Cetaceans of the Atlantic Frontier, north and west of Scotland

TitleCetaceans of the Atlantic Frontier, north and west of Scotland
Publication TypeJournal Article
Year of Publication2001
AuthorsWeir, CR, Pollock, C, Cronin, C, Taylor, S
JournalThe Marine Environment of the North East Atlantic Margin
Pagination1047 - 1071
Date Published2001/05/01
ISBN Number0278-4343
KeywordsAtlantic Frontier, Cetaceans, Continental shelf, Distribution, North-east Atlantic, Scotland, Surveys

Surveys carried out to the north and west of Scotland have recorded 15 species of cetacean between 1979 and 1998. These were fin whale (Balaenoptera physalus), sei whale (B. borealis), minke whale (B. acutorostrata), humpback whale (Megaptera novaeangliae), sperm whale (Physeter macrocephalus), northern bottlenose whale (Hyperoodon ampullatus), Sowerby's beaked whale (Mesoplodon bidens), killer whale (Orcinus orca), long-finned pilot whale (Globicephala melas), Atlantic white-sided dolphin (Lagenorhynchus acutus), white-beaked dolphin (L. albirostris), Risso's dolphin (Grampus griseus), bottlenose dolphin (Tursiops truncatus), common dolphin (Delphinus delphis) and harbour porpoise (Phocoena phocoena). Atlantic white-sided dolphin was the most abundant species in the region with a total of 6317 animals recorded. Harbour porpoise was the most frequently sighted cetacean species. The geographical distribution of sightings indicate that cetacean species have varying ecological requirements, with species such as sperm whale, pilot whale and white-sided dolphin favouring deep water off the continental shelf edge, while minke whale, white-beaked dolphin and harbour porpoise were apparently limited to the continental shelf. The diversity of species recorded in the region suggests that the Atlantic Frontier is an important habitat for cetaceans.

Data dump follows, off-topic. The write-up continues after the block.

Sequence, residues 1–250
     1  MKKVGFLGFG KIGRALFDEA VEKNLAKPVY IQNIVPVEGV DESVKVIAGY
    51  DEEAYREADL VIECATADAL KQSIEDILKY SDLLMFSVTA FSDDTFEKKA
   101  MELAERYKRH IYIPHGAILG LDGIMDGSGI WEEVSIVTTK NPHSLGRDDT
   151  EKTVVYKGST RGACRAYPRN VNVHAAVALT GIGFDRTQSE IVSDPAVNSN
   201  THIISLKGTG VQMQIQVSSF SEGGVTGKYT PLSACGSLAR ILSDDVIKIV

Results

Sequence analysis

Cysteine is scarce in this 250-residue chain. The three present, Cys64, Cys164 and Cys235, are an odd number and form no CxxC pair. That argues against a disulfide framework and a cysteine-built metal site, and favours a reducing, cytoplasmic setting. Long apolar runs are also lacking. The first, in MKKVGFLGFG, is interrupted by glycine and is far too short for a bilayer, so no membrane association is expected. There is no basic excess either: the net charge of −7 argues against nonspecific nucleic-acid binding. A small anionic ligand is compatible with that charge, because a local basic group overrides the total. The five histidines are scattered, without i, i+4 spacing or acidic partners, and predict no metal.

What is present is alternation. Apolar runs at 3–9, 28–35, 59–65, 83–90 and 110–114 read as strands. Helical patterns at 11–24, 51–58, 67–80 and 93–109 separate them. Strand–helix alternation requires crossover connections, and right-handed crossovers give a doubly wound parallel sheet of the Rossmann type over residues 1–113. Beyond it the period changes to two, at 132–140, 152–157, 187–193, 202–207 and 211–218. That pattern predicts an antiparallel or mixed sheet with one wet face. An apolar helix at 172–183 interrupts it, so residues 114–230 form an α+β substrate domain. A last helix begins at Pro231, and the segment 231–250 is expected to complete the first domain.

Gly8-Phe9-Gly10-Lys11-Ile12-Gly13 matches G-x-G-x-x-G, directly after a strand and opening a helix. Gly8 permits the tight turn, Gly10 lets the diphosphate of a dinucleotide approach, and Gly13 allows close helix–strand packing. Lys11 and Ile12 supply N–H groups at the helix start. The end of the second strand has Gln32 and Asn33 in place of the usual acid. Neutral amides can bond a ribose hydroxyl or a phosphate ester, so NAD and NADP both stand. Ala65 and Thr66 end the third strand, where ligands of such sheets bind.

Short TitleContinental Shelf Research